From the Officers of the Alliance
LS: University of Pennsylvania Library
L’Orient 31 May 1780
Please your Excellency
We had the honor of addressing your Excelly. the 12 of April, requesting that you would be so good as to take our case into consideration, that you would endeavour to have our wages and prize money faithfully paid us, and the Ship sent back to America, where we all desire to be, and from which we have been so long absent.
Your Excellency has not yet answer’d us, or at least no answer from you has come to our hands, which makes us impatient to trouble you again in order to know if possible what we are to Expect. The Ship is now and has been for some months past in this place useless and expensive to the States, and by no means proffitable to us. While we Lament her loss to our country for so long a time, we cannot but feel for our own Scituation and that of the people, many of whom have families at home pining in misery & want. We know that much is due to us if what we have taken be justly accounted for by the concern’d in fitting out the expedition on which we were last year, and we make no doubt but that we shall find in your Excellency a firm intention to see us contented.
Captain Landais has inform’d us that your Excellency had sent a memorial to the Court of Denmark, requiering payment for those vessells which went into Bergen, and which that court deliver’d up to our Enemies. The answer to that memorial we are perfectly ignorant of, but yet we hope that you will be so good as to let us know the result as soon as possible, that we may satisfy the clamours of the people and know how to regulate our private affairs: the Ships were valuable, and there was a report that they were paid for.
It is with regrett that we find Captain Landais deprived of his command, under him we engaged on board the Alliance and with him we wish to return to America.x Notwithstanding the reports that have gone forth respecting the Battle with the Serapis, in which our shame is connected with our Captain’s dishonor, we flatter ourselves that your Excellency entertains a higher opinion of our honor as officers and duty as men than to suppose that we would deliberately execute the orders of any man, when those orders tended to the distruction of our friends, when those orders contradicted the duties of humanity and the voice of reason founded on such duties.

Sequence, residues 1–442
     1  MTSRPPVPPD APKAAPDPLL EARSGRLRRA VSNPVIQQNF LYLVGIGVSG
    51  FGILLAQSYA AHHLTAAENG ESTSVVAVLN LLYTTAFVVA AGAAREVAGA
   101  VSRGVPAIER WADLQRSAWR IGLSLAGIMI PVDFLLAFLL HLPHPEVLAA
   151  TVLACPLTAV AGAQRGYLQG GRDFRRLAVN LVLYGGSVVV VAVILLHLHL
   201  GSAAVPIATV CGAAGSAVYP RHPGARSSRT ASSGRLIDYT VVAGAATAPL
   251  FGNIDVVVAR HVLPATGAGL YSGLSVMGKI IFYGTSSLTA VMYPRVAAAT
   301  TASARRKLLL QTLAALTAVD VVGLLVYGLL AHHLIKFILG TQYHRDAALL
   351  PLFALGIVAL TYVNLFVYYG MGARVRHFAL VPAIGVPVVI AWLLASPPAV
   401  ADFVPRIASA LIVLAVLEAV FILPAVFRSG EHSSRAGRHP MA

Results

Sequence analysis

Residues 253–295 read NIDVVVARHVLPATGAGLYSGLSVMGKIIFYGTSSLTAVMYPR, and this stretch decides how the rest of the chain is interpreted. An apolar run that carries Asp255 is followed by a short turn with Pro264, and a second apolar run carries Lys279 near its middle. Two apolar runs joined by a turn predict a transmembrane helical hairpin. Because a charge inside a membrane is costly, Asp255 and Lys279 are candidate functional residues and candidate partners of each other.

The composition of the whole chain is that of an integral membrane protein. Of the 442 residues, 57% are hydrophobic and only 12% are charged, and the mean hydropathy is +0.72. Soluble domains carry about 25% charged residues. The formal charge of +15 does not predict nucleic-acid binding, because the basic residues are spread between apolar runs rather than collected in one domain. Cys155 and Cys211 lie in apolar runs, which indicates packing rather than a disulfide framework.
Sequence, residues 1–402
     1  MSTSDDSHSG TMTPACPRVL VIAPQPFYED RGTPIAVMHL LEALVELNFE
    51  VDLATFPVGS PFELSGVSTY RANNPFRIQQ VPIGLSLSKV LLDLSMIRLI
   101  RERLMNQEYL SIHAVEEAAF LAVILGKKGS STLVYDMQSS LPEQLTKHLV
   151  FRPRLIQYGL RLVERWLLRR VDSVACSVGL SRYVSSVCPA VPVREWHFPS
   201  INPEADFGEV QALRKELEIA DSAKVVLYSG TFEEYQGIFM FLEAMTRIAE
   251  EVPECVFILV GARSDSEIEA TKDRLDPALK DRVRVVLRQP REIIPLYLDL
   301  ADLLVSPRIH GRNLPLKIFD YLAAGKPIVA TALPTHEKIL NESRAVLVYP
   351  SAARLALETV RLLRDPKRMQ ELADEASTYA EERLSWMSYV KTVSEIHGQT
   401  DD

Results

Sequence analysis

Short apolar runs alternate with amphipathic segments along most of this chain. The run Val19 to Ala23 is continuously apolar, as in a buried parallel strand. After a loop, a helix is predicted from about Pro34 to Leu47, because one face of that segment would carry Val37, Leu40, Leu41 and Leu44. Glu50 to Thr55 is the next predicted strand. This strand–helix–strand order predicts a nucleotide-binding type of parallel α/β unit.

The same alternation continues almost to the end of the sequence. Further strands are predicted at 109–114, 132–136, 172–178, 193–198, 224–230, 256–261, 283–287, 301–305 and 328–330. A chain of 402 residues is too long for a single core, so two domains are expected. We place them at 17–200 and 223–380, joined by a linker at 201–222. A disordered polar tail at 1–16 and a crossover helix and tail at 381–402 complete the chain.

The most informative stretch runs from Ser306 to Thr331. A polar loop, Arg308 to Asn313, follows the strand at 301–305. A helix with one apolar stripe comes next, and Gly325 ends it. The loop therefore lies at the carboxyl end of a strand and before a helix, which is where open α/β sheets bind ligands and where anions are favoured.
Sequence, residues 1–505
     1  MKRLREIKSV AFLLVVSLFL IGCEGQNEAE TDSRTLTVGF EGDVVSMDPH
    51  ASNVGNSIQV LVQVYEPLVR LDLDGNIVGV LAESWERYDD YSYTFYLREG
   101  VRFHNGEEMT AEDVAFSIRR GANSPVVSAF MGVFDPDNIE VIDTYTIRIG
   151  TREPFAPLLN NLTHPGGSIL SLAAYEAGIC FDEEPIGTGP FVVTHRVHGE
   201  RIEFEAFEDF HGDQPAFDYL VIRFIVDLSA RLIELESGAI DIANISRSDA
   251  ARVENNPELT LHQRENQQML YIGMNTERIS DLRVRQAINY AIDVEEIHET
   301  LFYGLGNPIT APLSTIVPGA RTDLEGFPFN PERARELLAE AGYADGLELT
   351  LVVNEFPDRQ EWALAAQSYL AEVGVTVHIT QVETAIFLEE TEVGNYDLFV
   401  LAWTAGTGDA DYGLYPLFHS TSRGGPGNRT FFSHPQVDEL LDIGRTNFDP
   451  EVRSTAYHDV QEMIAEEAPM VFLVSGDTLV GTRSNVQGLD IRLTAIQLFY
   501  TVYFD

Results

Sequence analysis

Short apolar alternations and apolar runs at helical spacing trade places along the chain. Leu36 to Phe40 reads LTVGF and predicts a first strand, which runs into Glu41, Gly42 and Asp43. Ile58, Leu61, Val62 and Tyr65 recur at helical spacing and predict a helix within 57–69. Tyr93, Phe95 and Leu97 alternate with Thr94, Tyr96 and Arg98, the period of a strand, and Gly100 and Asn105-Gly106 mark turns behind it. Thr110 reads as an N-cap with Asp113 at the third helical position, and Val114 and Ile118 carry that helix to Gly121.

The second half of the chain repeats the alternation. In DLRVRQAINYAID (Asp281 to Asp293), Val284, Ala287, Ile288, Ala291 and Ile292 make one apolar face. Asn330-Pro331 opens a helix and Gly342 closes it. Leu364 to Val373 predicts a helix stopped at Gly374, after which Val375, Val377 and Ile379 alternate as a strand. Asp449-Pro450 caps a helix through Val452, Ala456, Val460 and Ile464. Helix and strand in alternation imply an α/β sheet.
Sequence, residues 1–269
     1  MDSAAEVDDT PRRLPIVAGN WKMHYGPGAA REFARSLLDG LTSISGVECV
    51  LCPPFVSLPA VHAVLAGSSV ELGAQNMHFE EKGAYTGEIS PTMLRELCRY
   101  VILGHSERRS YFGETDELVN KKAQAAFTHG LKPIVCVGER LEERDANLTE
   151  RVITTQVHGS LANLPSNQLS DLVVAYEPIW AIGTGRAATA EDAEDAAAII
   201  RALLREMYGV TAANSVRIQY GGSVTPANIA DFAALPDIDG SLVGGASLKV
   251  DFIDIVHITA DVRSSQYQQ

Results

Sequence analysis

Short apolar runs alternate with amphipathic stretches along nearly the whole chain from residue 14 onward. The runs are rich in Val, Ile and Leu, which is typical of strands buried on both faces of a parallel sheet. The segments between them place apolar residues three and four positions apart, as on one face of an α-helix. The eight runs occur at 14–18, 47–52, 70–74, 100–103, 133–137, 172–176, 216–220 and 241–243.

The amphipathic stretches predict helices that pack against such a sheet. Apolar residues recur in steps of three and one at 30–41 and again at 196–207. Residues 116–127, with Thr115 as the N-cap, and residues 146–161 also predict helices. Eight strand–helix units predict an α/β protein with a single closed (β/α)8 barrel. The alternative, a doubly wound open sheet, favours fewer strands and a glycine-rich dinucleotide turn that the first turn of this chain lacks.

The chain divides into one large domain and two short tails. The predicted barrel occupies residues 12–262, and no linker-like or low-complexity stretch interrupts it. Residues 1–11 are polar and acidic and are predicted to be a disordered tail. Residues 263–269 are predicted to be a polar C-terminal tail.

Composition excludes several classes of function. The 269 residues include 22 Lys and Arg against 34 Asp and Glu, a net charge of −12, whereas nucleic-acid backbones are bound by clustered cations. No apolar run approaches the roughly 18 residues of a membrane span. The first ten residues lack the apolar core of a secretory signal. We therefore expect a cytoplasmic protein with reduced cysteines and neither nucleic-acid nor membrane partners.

Captain Landais gave particular orders about fighting, shewed the different Ships, which was the Bon homme Richard & which the Serapis, and we perfectly understood and executed his orders. If from the unhappy position of the two Ships, some of our Shott passed into the Bon homme Richard, it was not his nor our fault, it was inevitable in that Case, and let the blame lie where it is due.
Your Excellency will we hope pardon this address, we speak feelingly because we think our characters injured, but we trust the time will come when the officers of the Alliance will be able to vindicate their honor and clear their reputation in the eyes of the world. We have the honor of being with the greatest respect Your Excellency’s most obedient & most humble Servants
James Warren 1st. Lt. Marines
Thomas Elwood 2d. Lt. Marines
Arthur Robertson Midshipn.
Chipn. Bangs Steward
Isaac Carr Sail Maker
James Degge 1st. Lieut.
John Buckley 2d Lieut.
James Lynd 3d Lieut.
John Larchar Junr: Mn.
Benjamin Pierce Gunr.
James Bragg Carpent.
Thos. Hinsdale Mr. Mate
N Blodget Purser
John Darling Boatswain
I sign to the foregoing all but respecting Captain Landais & fighting the Ships on the 23. Sep. 1779
A: Windship Surgeon quarter’d below.
I sign to all but what respects the fighting last cruise being absent
John Sawris Midshipn.
I sign to all but the clause marked x & to that also provided Capt. Jones does not go in the alliance
M Parke Capt. Marines
His Exy. Dr. Franklin
Addressed: To / His Excellency Dr. B. Franklin / Minister plenipo. to the United States/ at / Passy/ near Paris
Endorsed: 24 / Officers of the Alliance May 31. 1780